Monday, January 28, 2013
Student Picks is a SCMA program in which Smith students organize their own one-day art show using our collection of works on paper. This month’s student curator and guest blogger Camille Kulig ’13 discusses her show “Conceal/Reveal: The Exquisite Art of Masking and Costuming” which will be on view this Friday February 1 from 12-4 PM in the Cunningham Center for the Study of Prints, Drawings, and Photographs.
People have long exploited the power of costuming and masking as a means to both reveal and conceal parts of their identities. Masking and costuming have provided an outlet in which changing and altering appearances is made possible, questioning how we see ourselves and in turn, how others see us.
In the literal sense, masks have been used throughout time in a variety of contexts as a way to transform the appearance of a person often for the sake of a performance, as seen in featured works, Barnum and Baileyand Portrait of Gene Loring of the Ballet Caravan.This idea of transformation is one that has made the art of masking and costuming in the figurative sense a great source of agency and fascination. In the 1970’s performance artist and photographer Martha Wilson harnessed the power of costume in her Portfolio of Modelsseries, in which she takes on the personas of six female stereotypes through the device of dress and masking. A decade later Cindy Sherman, as seen in her work Untitled #95,further utilized the power of costuming and masking to challenge the viewer’s perception of reality, artifice and the performance of femininity through her staged vignettes in which artist stands in as actor. In Cuban artist Eduardo Hernandez Santo’s, series El Muro (The Wall)he captures the underworld of drag and the integral role make-up and dress play in transforming the body, making the question “Que Trajo la Metamorfosis?”—“What Brought on the Change?” particularly fitting. In masking the exactitude of knowing one’s identity is brought into question, or as Goya so aptly summed up with the title of his 1799 work Nadiese Conoce— “Nobody Knows Anybody.”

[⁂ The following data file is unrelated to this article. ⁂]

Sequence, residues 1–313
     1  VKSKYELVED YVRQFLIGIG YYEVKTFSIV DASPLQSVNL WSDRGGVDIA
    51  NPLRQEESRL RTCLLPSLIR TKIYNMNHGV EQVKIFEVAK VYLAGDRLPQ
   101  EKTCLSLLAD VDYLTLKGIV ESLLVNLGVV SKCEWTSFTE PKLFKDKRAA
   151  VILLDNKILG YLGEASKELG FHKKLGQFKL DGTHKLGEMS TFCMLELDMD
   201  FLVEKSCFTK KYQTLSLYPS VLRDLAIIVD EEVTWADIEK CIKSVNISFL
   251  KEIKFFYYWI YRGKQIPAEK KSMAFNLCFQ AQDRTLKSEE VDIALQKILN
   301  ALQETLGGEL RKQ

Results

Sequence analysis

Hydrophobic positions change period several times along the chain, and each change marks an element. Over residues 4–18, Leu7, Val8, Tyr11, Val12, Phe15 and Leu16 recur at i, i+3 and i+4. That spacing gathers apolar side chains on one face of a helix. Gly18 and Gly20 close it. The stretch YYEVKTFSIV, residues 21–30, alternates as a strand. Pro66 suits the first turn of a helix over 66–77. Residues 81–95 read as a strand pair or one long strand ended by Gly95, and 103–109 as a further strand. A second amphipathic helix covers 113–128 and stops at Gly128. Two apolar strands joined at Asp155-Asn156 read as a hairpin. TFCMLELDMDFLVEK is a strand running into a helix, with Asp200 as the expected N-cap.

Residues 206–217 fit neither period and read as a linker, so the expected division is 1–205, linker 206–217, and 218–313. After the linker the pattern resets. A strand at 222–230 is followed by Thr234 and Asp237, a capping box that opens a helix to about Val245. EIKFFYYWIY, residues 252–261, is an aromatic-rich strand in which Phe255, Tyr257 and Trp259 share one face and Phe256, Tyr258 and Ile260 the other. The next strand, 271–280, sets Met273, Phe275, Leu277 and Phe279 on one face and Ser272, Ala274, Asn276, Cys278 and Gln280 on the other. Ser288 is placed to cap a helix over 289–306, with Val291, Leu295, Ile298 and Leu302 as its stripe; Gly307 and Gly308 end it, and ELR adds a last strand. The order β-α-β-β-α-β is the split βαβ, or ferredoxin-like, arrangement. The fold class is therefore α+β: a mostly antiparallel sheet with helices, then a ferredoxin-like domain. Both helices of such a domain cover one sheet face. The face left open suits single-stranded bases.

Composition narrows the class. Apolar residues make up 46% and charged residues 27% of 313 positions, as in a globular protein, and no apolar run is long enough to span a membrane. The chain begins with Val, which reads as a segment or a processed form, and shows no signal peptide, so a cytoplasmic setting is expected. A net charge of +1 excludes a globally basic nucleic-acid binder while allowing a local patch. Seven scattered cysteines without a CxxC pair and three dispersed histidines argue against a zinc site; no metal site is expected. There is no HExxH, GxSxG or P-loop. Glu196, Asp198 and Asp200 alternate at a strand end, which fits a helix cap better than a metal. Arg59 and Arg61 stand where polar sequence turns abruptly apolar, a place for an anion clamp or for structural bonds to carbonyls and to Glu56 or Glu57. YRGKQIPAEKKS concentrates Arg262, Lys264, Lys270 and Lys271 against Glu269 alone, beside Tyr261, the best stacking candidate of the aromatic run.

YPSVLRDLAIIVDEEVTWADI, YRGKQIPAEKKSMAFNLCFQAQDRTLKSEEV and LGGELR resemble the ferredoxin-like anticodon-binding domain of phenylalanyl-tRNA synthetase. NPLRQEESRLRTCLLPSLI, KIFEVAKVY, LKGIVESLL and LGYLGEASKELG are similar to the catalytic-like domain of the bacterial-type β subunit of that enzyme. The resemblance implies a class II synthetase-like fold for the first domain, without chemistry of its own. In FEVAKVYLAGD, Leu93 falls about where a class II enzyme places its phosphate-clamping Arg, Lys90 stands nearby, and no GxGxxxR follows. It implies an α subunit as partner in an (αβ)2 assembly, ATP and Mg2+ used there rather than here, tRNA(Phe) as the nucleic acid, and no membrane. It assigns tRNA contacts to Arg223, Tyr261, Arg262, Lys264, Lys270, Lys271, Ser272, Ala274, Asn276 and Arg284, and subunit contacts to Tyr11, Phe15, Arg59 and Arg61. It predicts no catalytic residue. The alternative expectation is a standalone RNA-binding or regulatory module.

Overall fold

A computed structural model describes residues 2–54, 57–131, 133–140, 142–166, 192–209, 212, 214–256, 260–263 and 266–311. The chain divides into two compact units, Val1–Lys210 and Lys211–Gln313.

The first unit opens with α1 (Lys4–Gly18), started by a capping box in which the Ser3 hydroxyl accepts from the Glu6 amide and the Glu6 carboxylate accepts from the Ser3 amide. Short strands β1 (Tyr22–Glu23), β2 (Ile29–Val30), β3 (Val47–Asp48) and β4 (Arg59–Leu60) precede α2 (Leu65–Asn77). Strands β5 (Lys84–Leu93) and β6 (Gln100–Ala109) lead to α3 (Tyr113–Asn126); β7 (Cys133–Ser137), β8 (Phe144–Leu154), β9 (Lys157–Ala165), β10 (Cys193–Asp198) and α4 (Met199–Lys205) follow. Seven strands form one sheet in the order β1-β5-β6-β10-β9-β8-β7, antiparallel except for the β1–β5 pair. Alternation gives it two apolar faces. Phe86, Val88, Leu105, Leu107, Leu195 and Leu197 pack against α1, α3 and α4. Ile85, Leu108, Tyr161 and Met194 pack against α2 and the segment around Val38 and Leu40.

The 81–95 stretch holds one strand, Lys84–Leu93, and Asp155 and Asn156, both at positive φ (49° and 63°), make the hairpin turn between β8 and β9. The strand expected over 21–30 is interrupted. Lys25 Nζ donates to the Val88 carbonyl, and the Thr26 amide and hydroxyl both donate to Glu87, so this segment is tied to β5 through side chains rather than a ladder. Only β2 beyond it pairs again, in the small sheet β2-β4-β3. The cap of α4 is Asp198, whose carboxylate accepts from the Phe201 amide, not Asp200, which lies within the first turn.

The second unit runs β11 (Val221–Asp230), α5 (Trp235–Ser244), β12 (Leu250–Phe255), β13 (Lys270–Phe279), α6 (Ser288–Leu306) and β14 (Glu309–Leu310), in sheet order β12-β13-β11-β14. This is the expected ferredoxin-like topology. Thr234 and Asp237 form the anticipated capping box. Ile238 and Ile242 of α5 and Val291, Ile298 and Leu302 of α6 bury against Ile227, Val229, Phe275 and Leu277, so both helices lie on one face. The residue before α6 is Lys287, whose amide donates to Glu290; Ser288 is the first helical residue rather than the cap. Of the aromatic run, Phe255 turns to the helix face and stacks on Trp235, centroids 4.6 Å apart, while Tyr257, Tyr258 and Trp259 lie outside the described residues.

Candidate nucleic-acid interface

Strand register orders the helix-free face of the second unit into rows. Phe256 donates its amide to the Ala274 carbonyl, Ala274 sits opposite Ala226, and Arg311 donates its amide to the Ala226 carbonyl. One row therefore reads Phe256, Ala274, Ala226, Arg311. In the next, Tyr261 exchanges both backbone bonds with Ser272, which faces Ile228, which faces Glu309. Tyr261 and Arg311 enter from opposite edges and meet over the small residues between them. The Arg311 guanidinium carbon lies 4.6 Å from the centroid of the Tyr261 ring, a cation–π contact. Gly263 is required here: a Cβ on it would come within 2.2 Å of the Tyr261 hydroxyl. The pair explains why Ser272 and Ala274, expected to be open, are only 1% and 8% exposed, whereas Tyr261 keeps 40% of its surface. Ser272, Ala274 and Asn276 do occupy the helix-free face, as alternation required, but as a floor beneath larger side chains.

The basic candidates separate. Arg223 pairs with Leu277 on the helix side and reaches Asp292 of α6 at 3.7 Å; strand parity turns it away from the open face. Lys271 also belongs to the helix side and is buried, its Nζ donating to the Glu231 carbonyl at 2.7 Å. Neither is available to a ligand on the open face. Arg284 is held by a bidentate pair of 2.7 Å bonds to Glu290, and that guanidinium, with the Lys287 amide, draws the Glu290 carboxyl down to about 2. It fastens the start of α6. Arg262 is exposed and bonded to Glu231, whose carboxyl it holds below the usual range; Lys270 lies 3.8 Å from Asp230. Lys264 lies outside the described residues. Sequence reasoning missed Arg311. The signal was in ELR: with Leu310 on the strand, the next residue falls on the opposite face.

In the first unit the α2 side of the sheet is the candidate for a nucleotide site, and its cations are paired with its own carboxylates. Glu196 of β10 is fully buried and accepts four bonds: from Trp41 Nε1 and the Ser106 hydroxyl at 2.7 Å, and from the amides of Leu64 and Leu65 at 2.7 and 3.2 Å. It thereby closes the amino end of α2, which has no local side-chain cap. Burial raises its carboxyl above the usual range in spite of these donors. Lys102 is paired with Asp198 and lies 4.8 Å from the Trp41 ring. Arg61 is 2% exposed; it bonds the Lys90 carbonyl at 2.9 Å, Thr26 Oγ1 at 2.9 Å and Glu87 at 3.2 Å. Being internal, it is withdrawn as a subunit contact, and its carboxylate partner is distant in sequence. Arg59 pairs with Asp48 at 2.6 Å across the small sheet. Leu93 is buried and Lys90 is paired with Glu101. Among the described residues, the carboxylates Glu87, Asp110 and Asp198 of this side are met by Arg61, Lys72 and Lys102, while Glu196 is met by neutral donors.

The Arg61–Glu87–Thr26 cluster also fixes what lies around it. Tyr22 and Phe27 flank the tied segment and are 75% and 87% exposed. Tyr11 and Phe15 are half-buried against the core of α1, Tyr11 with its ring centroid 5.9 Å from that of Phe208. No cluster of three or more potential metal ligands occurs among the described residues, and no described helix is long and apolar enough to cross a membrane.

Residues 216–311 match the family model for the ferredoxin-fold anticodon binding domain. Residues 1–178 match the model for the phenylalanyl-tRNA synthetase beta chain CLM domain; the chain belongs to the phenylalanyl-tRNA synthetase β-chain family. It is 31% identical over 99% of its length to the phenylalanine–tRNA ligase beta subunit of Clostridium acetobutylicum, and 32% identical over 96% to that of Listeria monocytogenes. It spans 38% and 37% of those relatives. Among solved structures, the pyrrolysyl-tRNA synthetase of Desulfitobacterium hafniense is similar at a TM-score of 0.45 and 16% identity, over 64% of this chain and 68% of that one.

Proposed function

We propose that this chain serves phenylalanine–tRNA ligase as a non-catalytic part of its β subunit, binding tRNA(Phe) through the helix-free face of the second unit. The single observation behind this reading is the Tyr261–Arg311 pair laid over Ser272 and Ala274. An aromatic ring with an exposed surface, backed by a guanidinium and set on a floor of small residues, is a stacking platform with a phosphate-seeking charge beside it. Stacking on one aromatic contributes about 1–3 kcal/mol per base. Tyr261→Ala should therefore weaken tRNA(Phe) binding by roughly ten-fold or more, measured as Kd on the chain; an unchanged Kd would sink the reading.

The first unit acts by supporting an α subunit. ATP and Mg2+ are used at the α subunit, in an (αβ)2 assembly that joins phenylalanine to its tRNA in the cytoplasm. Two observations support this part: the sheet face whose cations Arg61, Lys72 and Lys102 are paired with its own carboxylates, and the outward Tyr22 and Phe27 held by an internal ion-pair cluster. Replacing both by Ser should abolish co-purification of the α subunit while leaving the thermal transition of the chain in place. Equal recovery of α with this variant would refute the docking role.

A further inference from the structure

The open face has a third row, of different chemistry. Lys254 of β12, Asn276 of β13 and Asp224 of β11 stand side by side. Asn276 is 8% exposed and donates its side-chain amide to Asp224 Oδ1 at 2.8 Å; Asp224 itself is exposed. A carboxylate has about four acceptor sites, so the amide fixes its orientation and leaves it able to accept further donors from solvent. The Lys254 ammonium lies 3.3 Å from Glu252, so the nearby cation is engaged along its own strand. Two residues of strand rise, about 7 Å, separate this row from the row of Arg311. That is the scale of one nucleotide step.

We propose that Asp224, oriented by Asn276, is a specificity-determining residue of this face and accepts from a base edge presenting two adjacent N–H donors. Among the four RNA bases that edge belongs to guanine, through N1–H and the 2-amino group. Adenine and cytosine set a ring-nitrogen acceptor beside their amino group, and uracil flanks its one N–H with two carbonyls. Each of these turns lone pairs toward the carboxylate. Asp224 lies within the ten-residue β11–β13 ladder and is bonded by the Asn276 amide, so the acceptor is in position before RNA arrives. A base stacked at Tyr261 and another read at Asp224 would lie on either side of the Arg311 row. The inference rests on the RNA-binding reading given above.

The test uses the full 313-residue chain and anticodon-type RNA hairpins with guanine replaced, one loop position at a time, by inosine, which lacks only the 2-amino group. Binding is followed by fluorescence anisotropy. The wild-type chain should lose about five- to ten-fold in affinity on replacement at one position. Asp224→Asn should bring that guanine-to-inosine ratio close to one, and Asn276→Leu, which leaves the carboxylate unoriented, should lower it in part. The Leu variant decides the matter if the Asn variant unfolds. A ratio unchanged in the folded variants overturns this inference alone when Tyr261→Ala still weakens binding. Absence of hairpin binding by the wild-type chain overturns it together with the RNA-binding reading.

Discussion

Ironically, the artifice masking enables, grants people access to their truest selves. Through the guise of costuming and masking, people are allowed freedom otherwise inaccessible. In this way, masking and costuming paradoxically and simultaneously conceal and reveal.
Tuesday, January 22, 2013